Two armed gunmen roamed the halls of Brewster Middle School aboard Camp Lejeune early Wednesday morning as part of a planned emergency response demonstration.

The scenario involved active shooters moving freely throughout the school to test the abilities of multiple agencies to respond to a crisis situation.

“Today’s exercise focused on a shooter, but it could have been any number of emergencies that we need to practice and be ready for at all times. Unfortunately we live in a world where things are uncertain and we have to practice things that we don’t want to practice ... but if they do happen we need to be ready,” Col. Nicholas Davis said, operations officer for Marine Corps Installations East.

Exercise Urgent Response demonstration tested the capabilities of the Camp Lejeune Fire & Emergency Services, Marine Corps Police, the Department of Defense Education Activity, Naval Hospital Camp Lejeune and II Marine Expeditionary Force Marines, among other agencies.

“I think anytime that you actually exercise on the ground, you start to see how the friction points arise just between normal communication in a crisis. From the schools all the way to the base to the community, we need to be very cognisant of the message we’re sending. We’re dealing with people’s children today, and something as simple as putting exercise in front of a message, that still didn’t alleviate some people’s fears and we need to make sure we do a better job communicating,” Davis said Wednesday morning.

No students were involved in the demonstration, instead they were on lockdown in the classrooms doing schoolwork, according to the event coordinators.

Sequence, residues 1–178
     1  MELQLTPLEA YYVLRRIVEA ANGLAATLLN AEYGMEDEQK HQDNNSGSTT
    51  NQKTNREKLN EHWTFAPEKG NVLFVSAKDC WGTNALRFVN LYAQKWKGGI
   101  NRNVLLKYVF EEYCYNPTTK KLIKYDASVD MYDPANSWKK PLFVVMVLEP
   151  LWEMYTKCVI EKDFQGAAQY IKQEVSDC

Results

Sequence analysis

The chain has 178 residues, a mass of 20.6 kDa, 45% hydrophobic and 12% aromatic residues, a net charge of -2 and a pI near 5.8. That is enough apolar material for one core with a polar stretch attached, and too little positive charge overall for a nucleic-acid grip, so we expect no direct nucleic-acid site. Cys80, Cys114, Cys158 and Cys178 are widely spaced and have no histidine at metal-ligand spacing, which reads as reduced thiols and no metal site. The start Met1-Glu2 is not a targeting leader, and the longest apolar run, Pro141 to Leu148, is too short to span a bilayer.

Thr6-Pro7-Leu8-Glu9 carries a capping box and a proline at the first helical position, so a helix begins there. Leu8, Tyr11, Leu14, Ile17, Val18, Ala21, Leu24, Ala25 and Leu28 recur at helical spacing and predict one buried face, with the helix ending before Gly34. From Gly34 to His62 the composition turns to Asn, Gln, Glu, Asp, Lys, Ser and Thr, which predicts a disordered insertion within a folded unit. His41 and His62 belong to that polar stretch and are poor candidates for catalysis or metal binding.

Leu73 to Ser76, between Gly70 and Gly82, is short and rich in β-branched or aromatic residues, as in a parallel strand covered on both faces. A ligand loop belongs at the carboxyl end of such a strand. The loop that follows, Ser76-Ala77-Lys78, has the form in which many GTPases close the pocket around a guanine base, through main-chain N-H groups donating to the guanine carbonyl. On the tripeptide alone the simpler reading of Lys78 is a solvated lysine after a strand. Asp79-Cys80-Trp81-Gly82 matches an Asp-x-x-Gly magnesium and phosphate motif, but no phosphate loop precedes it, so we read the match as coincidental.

The Naval Hospital Camp Lejeune was also a major component to Exercise Urgent Response.

“We wanted to test the ability of the Emergency Department and see the number of casualties, or seriously injured. And we do this periodically, it’s required by the Joint Commission to maintain our accreditation and it is also important to our commanding officer and to our staff here to maintain that skill set…” said Lt. Cmdr. Joseph Kotora, the Operational Forces medical liaison and EMS medical director.

The active shooter drill tested the base’s emergency notification system, the schools’ emergency lockdown procedure, law enforcement and emergency response capabilities, according the press release for the event.  

“Largely I was a facilitator, trying to coordinate the operations in the Emergency Department, resuscitation and casualties. And then facilitate that information back to the Emergency Operations Center,” said Kotora.

The evaluation of the demonstration will help to identify gaps in current all-hazards response plans, resource shortfalls and the value in mutual aid agreements with the local community.

“This staff does not delineate between operation and exercise, so they treat this as if it were a serious incident. Everybody moves with a purpose, there is a sense of urgency in every person who attends these things and I’m just incredibly proud to be with them,” Kotora said. “Communication is always an issue in a large scale event like this, (but the hospital staff was) flexible, they reacted well, and they were also proactive anticipating casualties and issues with supplies and blood.